The gypsy moth caterpillar is not a fussy eater. It has a preference for the leaves of deciduous hardwood trees such as maple, elm, and particularly oak. Gypsy moths can also feed on apple, alder, birch, poplar and willow trees. As it grows it will also attack evergreens like pines and spruces. Gypsy moths appear to dislike ashes, sycamores, butternuts, black walnuts, dogwoods and balsams. However, during heavy infestations, competition for food will drive the caterpillar to attack almost any tree or shrub.
Depending on the degree of infestation, tree damage ranges from light to almost complete defoliation. Most deciduous trees can survive a moderate degree of defoliation. Many can even survive one complete defoliation by the gypsy moth caterpillar. However, continuing attacks can fatally weaken a tree or leave it vulnerable to other insects or disease.
The gypsy moth can be combated at the egg and larval (caterpillar) stages. Egg masses, when discovered, should be burned or soaked in water. If the egg masses are unreachable, spray them with a strong dose of Horticultural Oil Insect Spray. Spray in the late fall as well as a few times in the early spring, before leaves begin to form on trees. To prevent the caterpillars from reaching the foliage, use a Bug Band (as shown in my newsletter). Use a Bug Band to protect nearby trees as well.
In addition to the two options I gave in my newsletter here is another option: Attract the flying male moths into the trap.
As the females can’t fly, they wait for the males to come to them in order to reproduce, by giving off a scent that attracts the males.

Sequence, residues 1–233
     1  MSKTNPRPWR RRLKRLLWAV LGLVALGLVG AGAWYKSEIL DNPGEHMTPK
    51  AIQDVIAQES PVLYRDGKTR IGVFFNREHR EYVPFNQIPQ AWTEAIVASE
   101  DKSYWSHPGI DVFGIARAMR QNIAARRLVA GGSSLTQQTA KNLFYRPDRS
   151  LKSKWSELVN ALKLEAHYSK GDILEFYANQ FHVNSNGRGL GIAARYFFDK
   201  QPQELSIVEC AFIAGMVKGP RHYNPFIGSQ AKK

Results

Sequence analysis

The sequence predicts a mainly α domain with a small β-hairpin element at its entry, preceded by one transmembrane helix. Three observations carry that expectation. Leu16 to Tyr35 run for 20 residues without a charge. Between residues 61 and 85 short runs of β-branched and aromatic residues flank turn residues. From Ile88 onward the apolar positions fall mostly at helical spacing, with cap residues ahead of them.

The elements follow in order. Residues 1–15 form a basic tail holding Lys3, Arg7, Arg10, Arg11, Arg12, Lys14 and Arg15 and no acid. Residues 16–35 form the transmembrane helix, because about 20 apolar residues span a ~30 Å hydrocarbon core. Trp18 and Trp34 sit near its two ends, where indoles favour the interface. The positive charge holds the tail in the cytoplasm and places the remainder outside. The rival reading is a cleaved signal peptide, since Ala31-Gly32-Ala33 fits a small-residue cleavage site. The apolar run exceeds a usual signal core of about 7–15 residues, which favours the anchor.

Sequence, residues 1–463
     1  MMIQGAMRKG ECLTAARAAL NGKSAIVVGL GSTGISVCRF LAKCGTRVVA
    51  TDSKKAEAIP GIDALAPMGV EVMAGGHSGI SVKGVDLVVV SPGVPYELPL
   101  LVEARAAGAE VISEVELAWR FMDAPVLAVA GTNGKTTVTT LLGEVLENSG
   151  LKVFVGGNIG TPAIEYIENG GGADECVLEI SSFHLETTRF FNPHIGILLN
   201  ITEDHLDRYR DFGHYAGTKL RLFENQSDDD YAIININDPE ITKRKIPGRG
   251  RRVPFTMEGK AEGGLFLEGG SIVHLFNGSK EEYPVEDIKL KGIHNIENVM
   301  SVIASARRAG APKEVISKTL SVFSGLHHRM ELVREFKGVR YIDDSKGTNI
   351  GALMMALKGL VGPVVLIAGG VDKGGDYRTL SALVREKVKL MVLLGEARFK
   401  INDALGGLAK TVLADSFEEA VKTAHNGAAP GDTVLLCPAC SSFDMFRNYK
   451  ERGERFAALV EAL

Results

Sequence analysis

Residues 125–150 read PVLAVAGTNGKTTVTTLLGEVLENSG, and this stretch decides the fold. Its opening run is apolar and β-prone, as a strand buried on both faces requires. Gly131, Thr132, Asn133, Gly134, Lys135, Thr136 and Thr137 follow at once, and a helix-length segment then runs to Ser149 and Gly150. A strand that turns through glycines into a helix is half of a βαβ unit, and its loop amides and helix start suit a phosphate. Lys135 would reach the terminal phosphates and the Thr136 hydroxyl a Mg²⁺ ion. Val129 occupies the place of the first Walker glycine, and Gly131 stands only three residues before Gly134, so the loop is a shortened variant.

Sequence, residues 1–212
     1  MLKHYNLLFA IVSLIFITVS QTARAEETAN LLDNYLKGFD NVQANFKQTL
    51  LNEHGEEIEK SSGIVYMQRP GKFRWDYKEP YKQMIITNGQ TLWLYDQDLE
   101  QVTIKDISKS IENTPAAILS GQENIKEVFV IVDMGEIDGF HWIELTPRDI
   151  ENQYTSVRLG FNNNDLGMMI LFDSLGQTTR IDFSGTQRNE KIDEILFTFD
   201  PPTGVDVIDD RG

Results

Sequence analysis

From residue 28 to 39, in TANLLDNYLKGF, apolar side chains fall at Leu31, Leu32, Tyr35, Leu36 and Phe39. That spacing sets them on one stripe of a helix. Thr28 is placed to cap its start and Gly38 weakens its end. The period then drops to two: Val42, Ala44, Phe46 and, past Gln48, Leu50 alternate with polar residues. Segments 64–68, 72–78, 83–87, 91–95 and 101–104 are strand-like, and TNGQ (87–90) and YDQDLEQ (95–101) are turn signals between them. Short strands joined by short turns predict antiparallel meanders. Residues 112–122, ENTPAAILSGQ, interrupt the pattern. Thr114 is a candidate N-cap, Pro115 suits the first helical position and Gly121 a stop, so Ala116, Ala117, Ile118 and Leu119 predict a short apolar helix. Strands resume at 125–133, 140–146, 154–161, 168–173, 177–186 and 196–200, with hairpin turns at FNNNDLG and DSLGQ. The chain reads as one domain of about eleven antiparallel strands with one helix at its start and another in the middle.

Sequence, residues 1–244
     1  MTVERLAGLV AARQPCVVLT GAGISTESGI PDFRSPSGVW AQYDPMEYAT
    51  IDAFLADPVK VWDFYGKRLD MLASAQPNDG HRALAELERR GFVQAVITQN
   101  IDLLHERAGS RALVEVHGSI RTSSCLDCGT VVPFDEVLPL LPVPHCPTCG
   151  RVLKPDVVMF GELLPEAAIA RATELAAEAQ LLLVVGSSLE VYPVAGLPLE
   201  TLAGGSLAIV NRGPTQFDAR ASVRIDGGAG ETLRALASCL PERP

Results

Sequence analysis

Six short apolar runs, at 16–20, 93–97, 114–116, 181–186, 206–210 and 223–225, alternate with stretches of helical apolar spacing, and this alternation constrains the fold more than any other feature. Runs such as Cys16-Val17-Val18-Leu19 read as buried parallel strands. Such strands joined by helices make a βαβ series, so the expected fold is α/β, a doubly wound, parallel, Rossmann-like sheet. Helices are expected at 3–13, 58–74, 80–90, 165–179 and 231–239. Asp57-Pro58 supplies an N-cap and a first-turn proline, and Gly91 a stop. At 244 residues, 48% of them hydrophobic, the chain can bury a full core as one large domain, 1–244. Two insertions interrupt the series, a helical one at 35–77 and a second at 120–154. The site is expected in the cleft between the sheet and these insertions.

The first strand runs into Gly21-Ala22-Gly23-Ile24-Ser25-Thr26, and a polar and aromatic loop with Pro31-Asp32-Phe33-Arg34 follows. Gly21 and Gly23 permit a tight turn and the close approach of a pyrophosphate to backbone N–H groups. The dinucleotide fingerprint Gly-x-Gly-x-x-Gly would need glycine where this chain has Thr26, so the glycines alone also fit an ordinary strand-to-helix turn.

The trap works by disrupting the gypsy moth’s reproductive cycle by attracting and trapping the adult moth before mating can occur. Each mated female can produce as many as 1,000 caterpillars the following spring.
This product uses female pheromones to attract the males and traps them in the container. This product covers about 1/4 acre. With the infestation we have, this jar will need to be emptied daily.
Natural predators of the Gypsy moth are a few species of birds (most won’t eat them, though) wasps and beetles. Mice, voles and shrews will feed on pupae that are found at the bases of trees. Chipmunks, skunks and raccoons will feed on larvae and pupae and squirrels will feed on pupae.
Two diseases are especially important for controlling GM infestations. One is a virus that occurs naturally among large, dense, widespread infestations and is called NPV, nucleopolyhedrosis virus. It is very important in the collapse of major outbreaks of GM and primarily transmitted by the female moth to the offspring. This disease sets in when the group is stressed for food and occurs naturally 1-2 years after the initial outbreak. The caterpillars affected by this virus will hang in an upside down V from the trees. There may be hope for Rhode Islanders next year!
The other is a fungus, called entomophaga maimaiga, also occuring naturally by overwintering in the soil where spores are released in early spring affecting the caterpillars. It reproduces in wet, warm weather conditions, which we do not have right now. Affected caterpillars will hang upside down from the trees to dry out, releasing spores carried by the wind and when the carcass falls to the ground and decomposes. That cycle can continue to work magic to eradicate the GM as long as the weather remains moist and warm. The spores are said not to affect any other insects, plants or mammals.
SKIN IRRITAION RELIEF
If you need a 100% organic, plant-based, natural solution to the skin rashes caused by GM, you might want to try a few products from PUREhaven Essentials!
Our Dream Cream is never greasy and hydrates the skin, and softens and soothes and is really great for dry skin and comes in Vanilla, Lavender and Peppermint.
Our line of Essential Oils and blends are good for a variety of uses including bug repellents and revered for their restorative, health and healing properties. Our oils can be purchased individually or in a complete set. Give me a call for your specific needs.
I also have a Bug Spray Workshop coming up soon! I’ll keep ya posted!